Inasmuch as the bit can rotate in bore 30 and sleeve 18 can rotate in block 10, there will always be rotation of the bit whether this occurs between the bit and sleeve 18 and block 10 or at both places. The possibility of the bit binding and failing to rotate thus becomes remote. Furthermore, the wear on the block is substantially reduced over the wear that takes place on the block which directly supports the bit and in which a bit rotates. It will be appreciated that the bit can be replaced as often as necessary while block 10 will have greatly increased wearing characteristics and will not have to be replaced nearly as often as heretofore has been the case. Rather, the principal wear areas will be on the bit, and sleeve 18 will normally outwear many bits and can itself easily be replaced.

The particular configuration of the bit illustrated herein is of importance because the point end of the bit as it wears and rotates in use will be worn off substantially at the angle of the inclined outer surface of frusto-conical portion 50. It will be seen that the bit can wear down until the carbide tip is used up before the diameter of the body material surrounding the tip element commences to increase. The driving machine for the bit will thus not be subjected to increased load as the bit wears and the important characteristic of a pick type bit of removing material by a sort of exploding action is not interfered with and the quality of the material removed by the bit with respect to the content of lines and the particle size, does not change as the bit wears down in use.

Patent Citations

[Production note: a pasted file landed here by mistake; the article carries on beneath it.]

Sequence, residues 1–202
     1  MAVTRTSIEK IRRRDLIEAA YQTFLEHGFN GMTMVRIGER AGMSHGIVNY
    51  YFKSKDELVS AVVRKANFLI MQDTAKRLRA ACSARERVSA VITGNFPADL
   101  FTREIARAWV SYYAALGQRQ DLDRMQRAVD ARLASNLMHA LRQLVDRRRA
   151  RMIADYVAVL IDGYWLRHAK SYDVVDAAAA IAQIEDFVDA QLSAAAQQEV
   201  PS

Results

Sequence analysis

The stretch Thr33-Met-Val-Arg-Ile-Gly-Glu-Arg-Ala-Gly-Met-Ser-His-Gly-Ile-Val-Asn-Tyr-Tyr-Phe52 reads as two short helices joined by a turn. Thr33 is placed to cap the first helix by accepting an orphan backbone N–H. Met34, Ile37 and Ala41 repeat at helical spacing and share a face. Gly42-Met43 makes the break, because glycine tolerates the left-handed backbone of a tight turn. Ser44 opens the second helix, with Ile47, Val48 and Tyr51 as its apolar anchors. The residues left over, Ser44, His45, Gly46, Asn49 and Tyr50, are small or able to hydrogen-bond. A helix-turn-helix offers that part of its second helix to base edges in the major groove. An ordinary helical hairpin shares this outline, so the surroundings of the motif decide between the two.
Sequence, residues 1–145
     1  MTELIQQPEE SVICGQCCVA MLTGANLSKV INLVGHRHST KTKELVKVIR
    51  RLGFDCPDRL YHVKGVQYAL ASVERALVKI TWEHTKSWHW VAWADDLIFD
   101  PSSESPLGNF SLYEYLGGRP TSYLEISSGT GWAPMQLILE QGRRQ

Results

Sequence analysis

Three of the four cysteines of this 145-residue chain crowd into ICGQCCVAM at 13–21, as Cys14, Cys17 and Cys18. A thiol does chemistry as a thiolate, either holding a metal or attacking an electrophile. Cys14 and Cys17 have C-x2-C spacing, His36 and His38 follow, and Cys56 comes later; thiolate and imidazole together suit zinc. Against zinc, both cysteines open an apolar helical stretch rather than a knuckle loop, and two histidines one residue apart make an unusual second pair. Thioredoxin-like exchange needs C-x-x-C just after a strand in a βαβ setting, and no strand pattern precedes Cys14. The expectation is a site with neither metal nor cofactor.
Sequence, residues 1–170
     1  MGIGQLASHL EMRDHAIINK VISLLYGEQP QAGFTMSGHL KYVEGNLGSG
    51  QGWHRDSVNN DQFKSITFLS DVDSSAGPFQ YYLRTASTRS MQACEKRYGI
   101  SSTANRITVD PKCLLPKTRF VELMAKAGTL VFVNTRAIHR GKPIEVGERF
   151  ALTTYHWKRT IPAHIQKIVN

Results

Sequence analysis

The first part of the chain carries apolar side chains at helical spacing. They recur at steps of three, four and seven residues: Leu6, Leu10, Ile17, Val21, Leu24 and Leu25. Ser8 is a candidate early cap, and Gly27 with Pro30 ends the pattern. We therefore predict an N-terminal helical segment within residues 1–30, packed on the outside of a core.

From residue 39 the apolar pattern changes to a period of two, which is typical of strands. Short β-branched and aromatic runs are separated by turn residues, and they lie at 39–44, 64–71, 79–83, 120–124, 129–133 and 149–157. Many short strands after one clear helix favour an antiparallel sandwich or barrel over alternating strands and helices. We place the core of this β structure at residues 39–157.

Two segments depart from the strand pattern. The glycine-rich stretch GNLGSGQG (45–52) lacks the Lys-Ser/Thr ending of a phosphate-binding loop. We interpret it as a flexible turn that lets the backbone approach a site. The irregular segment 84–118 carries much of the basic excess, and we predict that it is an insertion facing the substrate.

Cited PatentFiling datePublication dateApplicantTitle
US1582332 *Dec 8, 1923Apr 27, 1926William V SeifertRoller-bits drilling tool
US1820511 *Aug 15, 1927Aug 25, 1931Patten Burton VanEarth boring drill
US3397012 *Dec 19, 1966Aug 13, 1968Cincinnati Mine Machinery CoCutter bits and means for mounting them
US3498677 *Oct 30, 1968Mar 3, 1970Bowdil CoCutting apparatus
Referenced by
Citing PatentFiling datePublication dateApplicantTitle
US5067775 *Apr 21, 1988Nov 26, 1991Kennametal Inc.Retainer for rotatable bits
US6364420 *Mar 22, 1999Apr 2, 2002The Sollami CompanyBit and bit holder/block having a predetermined area of failure
US7380888 *Apr 19, 2001Jun 3, 2008Kennametal Inc.Rotatable cutting tool having retainer with dimples
US7946656Jun 9, 2008May 24, 2011Schlumberger Technology CorporationRetention system
US7997661Jul 3, 2007Aug 16, 2011Schlumberger Technology CorporationTapered bore in a pick
US8007051Nov 29, 2007Aug 30, 2011Schlumberger Technology CorporationShank assembly
US8029068Apr 30, 2008Oct 4, 2011Schlumberger Technology CorporationLocking fixture for a degradation assembly
US8033616Aug 28, 2008Oct 11, 2011Schlumberger Technology CorporationBraze thickness control
US8104844 *Feb 27, 2007Jan 31, 2012Sandvik Intellectual Property AbSleeve for reversible cutting tool
US8122622 *Jun 18, 2010Feb 28, 2012Caterpillar Inc.Ground engaging tool system
US8123302Jan 28, 2008Feb 28, 2012Schlumberger Technology CorporationImpact tool
US8393097Jan 23, 2012Mar 12, 2013Caterpillar Inc.Ground engaging tool system
US8397405Jan 23, 2012Mar 19, 2013Craig HarderGround engaging tool system
US8414085Jan 28, 2008Apr 9, 2013Schlumberger Technology CorporationShank assembly with a tensioned element
US8449040Oct 30, 2007May 28, 2013David R. HallShank for an attack tool
US8454096Jun 26, 2008Jun 4, 2013Schlumberger Technology CorporationHigh-impact resistant tool
WO1994027027A1 *Apr 13, 1994Nov 24, 1994Cutincoal Pty LtdImprovements in coal and rock picks
WO1995027840A1 *Apr 4, 1995Oct 19, 1995Allan D ClairImprovements in securing clips for coal and rock picks
Classifications
U.S. Classification299/104, 175/354
International ClassificationE21C35/197
Cooperative ClassificationE21C35/197
European ClassificationE21C35/197